Monday, April 15, 2019
NYC parents tell the Mayor to stop stalling and stop giving charter schools access to student information
Video and press release below about our press conference this afternoon. Sorry for the low quality- it was broadcast on twitter live.
For immediate release: April 15, 2019
For more information contact: NeQuan McLean, 347-470-4975, email@example.com
NYC parents tell the Mayor to stop stalling and stop giving charter schools access to student information to market their schools
This afternoon, in front of the NYC Department of Education headquarters, NYC public school parents told Mayor de Blasio to stop bowing to the charter school lobby and halt the practice of giving charters access to student personal information to market their schools. Instead, they said, he should listen to parents’ concerns, stop violating their children’s privacy, and cease this practice, which by helping charters expand, causes the loss of funding and space from our public schools.
In recent weeks, Chancellor Carranza has repeatedly promised parent leaders, both publicly and privately, that this practice would be discontinued, but the Mayor has yet to make a commitment to do so, and in the last few days he has said that he has not yet made a decision.
Said Johanna Garcia, public school parent and President of Community Education Council in District 6 in Upper Manhattan: “It is unconscionable that this practice continues. For more than a decade, parents and advocates have complained to DOE about the privacy violations incurred by allowing charters to access our children’s personal information without our consent. I filed a FERPA complaint to the US Department of Education about this practice in November 2017. Moreover, I am not aware of another school district in the country that voluntarily makes this information available to charter schools and undermines our public schools in the process."
NeQuan McLean, co- chair of the Education Council Consortium and the President of Community Education Council in District 16 Brooklyn said: “My mailbox is continually flooded with deceptive promotional materials from charter schools. As a result of expensive marketing campaigns and the damaging co-location policies of the DOE, my district has been overrun by charters. The Mayor repeatedly says he listens to parents; we are saying loudly and clearly that he should end this practice now.”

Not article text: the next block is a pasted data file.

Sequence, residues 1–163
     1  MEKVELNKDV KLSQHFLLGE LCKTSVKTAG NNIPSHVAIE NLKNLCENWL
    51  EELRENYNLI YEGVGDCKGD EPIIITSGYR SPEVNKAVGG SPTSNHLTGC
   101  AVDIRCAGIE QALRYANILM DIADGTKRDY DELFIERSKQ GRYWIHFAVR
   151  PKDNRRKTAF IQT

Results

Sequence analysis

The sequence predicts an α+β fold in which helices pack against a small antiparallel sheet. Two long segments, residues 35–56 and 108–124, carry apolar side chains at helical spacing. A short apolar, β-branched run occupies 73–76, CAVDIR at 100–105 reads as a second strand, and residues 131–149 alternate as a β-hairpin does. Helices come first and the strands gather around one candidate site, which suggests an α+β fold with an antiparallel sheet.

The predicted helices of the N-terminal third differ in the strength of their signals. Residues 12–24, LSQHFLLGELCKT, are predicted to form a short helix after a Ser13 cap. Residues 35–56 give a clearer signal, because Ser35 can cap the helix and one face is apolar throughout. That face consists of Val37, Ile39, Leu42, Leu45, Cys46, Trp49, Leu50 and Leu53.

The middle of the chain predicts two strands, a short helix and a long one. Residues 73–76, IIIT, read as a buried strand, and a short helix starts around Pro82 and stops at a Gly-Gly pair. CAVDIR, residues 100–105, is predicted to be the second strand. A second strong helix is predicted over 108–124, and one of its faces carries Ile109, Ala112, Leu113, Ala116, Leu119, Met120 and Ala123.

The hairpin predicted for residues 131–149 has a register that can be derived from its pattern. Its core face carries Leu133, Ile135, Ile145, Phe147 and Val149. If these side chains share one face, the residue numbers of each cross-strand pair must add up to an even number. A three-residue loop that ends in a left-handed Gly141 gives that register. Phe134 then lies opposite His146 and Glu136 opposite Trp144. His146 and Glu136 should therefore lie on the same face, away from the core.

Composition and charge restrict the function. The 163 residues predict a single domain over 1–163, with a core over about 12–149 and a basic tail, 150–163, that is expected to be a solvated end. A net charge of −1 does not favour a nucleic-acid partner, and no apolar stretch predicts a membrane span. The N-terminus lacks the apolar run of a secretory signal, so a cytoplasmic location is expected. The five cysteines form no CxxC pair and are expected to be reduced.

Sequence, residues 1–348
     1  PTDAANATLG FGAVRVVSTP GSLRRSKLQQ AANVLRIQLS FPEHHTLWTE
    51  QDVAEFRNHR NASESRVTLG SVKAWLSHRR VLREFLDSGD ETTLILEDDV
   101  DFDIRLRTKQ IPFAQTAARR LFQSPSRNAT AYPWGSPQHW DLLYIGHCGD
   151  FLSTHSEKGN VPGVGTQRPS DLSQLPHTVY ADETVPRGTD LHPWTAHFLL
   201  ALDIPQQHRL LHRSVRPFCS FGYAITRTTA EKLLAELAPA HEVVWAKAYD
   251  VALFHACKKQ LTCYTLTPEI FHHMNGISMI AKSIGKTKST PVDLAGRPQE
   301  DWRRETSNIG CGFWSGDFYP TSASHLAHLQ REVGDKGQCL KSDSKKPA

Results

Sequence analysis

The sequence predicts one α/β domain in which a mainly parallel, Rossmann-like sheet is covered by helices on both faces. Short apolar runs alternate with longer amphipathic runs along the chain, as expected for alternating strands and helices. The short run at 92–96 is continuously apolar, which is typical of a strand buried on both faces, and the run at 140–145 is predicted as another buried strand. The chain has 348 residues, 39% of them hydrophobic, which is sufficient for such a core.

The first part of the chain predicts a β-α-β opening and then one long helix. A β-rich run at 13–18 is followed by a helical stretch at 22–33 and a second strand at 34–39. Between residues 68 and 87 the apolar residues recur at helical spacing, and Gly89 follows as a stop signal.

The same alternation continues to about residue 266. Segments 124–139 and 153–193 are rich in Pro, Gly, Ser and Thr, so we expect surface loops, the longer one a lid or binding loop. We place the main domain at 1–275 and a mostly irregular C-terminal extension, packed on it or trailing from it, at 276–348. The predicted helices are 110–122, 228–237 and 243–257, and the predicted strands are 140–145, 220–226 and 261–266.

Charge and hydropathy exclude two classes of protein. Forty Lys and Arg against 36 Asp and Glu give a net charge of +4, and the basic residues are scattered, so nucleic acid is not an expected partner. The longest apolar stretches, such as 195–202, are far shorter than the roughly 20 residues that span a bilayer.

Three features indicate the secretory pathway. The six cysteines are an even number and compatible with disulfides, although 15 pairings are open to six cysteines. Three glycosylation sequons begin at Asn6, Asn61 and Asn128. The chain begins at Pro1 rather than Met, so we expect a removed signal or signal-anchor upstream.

“Not only is personal student information unnecessary for appropriate marketing, providing access to it is an unacceptable violation of student privacy,” said Mark Cannizzaro, president of the Counselor of School Supervisors and Administrators.
Shino Tanikawa, the co-chair of the ECC and a member of NYC Kids PAC, agreed: “For years, DOE has ignored parents’ complaints about this practice, which started in 2006 when Joel Klein agreed to help Success Academy charter schools expand their “market share” as Eva Moskowitz put it in an email. The result is that this year, more than two billion dollars has been diverted from our public schools. Why should our supposedly progressive Mayor continue this practice, when he promised parents he would defend our public schools in the face of charter encroachment? “
Leonie Haimson, co-chair of the Parent Coalition for Student Privacy, pointed out: “In Chicago, after student information was disclosed to charter schools by the district, resulting in parents receiving postcards urging them to enroll their children in their schools, this sparked a huge controversy and led to an investigation by the city’s Inspector General. As a result, the staffer who released the information was fired and the district apologized to parents . Right now, in Nashville, their school district is defying a state law requiring districts to make parent contact information available to charter schools, and last week appealed a court order to do so. NY State has no such law, and in fact, our state law bars the use of student data for marketing purposes.”
Naomi Peña, parent of four public school children and President of Community Education Council in District 1 in the Lower East Side, said: “For years, I along with other public school parents have been subjected to glossy flyers from charter schools, which have received donations from hedge fund billionaires to help them advertise in this way. Charters also spend thousands of dollars on social media buys, TV and radio ads, and plaster their posters all over our subway. Meanwhile, our public schools don’t have the funding to promote themselves in this way – and if they did, do we really want our public schools spending money on ads that should go to improving learning conditions for our kids?